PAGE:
Everyone knows WWE’s fascination with having a roster filled with guys who are the kids of folks who made their living in the pro wrestling business. In fact, it seems these days it’s nigh on impossible to get a shot in the company without a “Junior” or “The Third” slapped on the back of your surname.
Which begs the question: why isn’t the Maestro conducting musical mayhem on Raw or Smackdown?
What’s that? You thought the Maestro was just some goof with wacky hair and a baton he waved around as he conducted an orchestra of bored wrestling fans? You didn’t know that his great uncle was, in fact, the ORIGINAL Gorgeous George? What, you just thought he came up with going as “Gorgeous George III” after have one too many?
Not the case. Yes, Robert Kellum, who started out as “Robbie Eagle” first as a jobber in WCW in the early 90s, had wrestling in his blood, and if you ever saw him before his WCW stint, either in Smokey Mountain or the USWA, you could see that. So it made perfect sense that eventually WCW would come calling.
But this being WCW, it wasn’t Kellum’s in-ring skills they were after.
It was his name. Or rather his great uncle’s name, to which he inherited the rights. So they bought the rights to the name “Gorgeous George” (more on this later) and Kellum was given a job as a mid-carder during the Vince Russo heyday as “The Maestro.”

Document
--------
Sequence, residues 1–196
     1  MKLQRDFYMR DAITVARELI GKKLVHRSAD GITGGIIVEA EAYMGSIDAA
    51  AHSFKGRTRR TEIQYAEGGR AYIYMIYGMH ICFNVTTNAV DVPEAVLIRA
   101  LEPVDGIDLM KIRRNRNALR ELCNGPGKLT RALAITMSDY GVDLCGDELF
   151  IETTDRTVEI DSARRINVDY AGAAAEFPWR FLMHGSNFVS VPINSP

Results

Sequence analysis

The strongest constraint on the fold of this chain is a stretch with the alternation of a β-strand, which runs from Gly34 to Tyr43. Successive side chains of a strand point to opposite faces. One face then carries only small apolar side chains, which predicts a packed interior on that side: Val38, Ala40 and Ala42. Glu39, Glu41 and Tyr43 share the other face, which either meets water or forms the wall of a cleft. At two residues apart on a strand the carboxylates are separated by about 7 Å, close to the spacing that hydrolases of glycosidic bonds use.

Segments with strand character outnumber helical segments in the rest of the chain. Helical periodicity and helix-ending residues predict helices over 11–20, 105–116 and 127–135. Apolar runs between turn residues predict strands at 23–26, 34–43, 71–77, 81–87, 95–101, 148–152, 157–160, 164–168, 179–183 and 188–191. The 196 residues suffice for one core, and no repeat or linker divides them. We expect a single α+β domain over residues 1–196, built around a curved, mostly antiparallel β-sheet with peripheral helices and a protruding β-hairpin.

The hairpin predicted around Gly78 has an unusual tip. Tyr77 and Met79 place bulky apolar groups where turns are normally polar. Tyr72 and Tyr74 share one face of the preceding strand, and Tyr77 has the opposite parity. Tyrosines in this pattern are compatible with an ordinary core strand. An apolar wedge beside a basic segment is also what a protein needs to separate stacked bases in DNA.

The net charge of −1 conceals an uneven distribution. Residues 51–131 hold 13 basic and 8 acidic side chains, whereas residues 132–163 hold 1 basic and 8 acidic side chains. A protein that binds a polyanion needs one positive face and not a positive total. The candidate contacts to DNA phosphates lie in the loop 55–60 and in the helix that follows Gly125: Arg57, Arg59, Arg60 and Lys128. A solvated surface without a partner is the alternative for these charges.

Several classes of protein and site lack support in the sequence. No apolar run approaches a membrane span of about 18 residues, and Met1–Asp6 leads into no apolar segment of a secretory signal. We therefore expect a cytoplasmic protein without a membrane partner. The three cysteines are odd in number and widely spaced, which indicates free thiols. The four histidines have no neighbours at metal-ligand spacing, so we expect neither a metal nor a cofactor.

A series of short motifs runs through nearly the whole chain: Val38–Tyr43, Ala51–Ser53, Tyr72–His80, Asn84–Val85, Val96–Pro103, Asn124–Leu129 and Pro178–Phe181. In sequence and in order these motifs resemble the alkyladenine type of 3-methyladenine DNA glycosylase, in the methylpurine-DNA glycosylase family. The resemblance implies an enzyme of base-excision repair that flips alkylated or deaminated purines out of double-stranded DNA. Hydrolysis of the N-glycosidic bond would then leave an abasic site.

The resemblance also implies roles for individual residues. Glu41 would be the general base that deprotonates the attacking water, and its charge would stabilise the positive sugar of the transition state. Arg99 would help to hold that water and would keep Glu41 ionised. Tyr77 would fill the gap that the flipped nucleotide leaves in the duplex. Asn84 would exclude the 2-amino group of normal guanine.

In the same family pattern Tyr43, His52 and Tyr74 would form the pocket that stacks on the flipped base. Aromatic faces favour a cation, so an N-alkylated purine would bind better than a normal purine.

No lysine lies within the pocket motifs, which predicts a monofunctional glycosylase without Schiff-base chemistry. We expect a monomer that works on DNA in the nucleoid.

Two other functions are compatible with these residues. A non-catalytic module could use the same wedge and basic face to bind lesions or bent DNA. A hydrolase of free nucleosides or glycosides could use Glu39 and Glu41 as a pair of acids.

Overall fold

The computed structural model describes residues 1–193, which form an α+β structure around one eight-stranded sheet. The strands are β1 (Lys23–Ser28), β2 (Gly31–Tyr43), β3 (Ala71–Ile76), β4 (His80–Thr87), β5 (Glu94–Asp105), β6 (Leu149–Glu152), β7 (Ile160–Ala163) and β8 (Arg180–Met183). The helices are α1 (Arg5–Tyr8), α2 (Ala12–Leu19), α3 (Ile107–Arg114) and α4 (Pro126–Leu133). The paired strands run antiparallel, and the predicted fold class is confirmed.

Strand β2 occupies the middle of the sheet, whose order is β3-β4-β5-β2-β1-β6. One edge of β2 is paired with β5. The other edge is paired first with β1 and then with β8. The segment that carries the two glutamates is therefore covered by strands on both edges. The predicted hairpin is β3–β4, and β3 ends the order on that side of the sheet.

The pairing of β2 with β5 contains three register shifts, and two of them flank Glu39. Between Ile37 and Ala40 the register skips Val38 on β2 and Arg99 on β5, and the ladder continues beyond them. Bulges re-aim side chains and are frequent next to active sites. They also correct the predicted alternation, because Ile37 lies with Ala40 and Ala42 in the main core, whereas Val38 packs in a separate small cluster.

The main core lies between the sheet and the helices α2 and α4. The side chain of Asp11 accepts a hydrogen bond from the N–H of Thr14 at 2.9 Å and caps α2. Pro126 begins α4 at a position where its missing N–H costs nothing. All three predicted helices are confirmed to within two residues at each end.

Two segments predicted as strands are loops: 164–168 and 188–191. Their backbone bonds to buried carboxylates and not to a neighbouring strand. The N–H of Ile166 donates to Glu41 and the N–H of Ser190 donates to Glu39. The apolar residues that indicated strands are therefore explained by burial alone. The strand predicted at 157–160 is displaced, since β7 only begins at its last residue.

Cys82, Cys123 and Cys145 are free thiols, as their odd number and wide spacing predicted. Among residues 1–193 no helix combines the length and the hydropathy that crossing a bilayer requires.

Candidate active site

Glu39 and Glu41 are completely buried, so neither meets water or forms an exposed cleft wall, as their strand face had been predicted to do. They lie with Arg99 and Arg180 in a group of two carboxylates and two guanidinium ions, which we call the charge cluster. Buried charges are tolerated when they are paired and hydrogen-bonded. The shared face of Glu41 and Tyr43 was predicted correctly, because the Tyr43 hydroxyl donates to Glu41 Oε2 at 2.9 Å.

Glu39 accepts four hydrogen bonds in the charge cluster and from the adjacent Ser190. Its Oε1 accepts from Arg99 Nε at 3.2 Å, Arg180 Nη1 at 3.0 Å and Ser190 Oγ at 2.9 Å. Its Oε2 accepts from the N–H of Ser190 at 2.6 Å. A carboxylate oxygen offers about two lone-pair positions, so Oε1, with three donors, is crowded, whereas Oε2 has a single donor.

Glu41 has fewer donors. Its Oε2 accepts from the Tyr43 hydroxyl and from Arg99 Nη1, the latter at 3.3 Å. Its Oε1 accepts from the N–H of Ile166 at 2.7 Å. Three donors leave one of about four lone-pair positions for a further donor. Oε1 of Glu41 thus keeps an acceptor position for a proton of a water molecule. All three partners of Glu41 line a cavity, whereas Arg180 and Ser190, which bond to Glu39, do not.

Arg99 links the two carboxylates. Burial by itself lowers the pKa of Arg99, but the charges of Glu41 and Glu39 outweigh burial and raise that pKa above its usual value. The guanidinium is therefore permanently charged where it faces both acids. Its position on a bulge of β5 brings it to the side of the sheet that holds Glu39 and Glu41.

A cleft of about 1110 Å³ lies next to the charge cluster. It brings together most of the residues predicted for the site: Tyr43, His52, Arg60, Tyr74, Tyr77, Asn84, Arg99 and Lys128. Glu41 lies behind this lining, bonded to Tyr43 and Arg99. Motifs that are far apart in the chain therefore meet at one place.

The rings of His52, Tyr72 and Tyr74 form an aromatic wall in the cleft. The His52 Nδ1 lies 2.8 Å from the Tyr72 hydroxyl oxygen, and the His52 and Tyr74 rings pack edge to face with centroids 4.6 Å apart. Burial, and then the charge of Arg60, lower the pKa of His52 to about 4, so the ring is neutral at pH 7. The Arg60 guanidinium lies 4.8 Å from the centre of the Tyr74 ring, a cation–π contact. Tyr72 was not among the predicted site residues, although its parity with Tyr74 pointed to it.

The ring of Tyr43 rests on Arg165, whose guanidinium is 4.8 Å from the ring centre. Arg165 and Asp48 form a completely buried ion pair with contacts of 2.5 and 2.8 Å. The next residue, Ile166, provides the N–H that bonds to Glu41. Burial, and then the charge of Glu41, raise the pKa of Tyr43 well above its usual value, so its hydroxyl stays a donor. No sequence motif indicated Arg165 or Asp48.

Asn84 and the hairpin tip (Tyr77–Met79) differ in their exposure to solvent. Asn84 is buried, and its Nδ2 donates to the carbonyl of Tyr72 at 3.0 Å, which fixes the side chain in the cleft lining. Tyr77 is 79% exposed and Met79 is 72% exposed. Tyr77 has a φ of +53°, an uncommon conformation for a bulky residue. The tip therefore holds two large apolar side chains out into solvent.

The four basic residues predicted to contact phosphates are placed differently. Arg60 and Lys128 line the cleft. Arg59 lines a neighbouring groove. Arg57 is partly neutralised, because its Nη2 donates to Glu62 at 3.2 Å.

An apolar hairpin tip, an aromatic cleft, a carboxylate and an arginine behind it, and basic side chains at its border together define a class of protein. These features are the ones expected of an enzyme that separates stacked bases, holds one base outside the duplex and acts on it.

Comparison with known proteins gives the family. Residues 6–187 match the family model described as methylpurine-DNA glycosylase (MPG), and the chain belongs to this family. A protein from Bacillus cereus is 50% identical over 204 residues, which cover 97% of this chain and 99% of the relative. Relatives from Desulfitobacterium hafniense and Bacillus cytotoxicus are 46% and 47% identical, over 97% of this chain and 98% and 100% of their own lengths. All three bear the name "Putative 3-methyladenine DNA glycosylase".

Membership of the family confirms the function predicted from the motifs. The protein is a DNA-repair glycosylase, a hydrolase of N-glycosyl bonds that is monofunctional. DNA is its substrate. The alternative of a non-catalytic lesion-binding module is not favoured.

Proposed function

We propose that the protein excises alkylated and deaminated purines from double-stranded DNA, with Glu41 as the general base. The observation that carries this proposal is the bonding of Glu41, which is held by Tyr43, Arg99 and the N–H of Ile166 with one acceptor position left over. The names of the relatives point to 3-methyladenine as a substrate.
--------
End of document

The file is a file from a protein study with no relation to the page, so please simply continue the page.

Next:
No, not that Maestro, Kramer.
No doubt you are asking why Kellum didn’t just work as Gorgeous George III in WCW. As the story goes, while working for Carlos Colon’s World Wrestling Council in Puerto Rico, “Macho Man” Randy Savage asked Kellum’s permission for his brother Lanny Poffo to use the ring name “Gorgeous George” in WCW.
Unfortunately the negotiations fell through and Lanny Poffo, despite being paid six figures a year by WCW, did not compete once for the promotion. As RD has said in the past, there’s a good reason why Lanny Poffo was called “The Genius.”
Imagine Kellum’s surprise when he later found out that the name “Gorgeous George” was now being used not by Savage’s brother, but his stripper girlfriend turned valet, Stephanie Bellars!
No doubt George Wagner, who worked so hard for his name and the reputation attached to it, was spinning in his grave like he was going through a revolving door at these turn of events. Kellum allegedly threatened a lawsuit, which was averted thanks a WCW constract for Kellum courtesy of Eric Bischoff.
And thus the Maestro came down from the heavens.
Literally. They lowered the guy, along with his new valet Symphony (portrayed by Alicia Webb, who you won’t remember as Ken Shamrock’s ‘sister’ Ryan in the WWF) on a platform from the ceiling while he “played the piano.”
And you wonder how WCW lost $60 million bucks in 2000.
Yes, he’s a Liberace piano-playing pre-Adorable Adrian Adonis-looking heel music conductor.
Oh, did I mention he wrestles too?
Not content with just having one crappy gimmick on display for the guy’s debut, he would take on fellow WrestleCrap inductee The Artist Formerly Known as Prince Iaukea.
If you ever got drunk or high one night and wondered, “What if Liberace wrestled Prince in WCW?”, this is kind of what it’d look like.
Only a little more touchy-feely.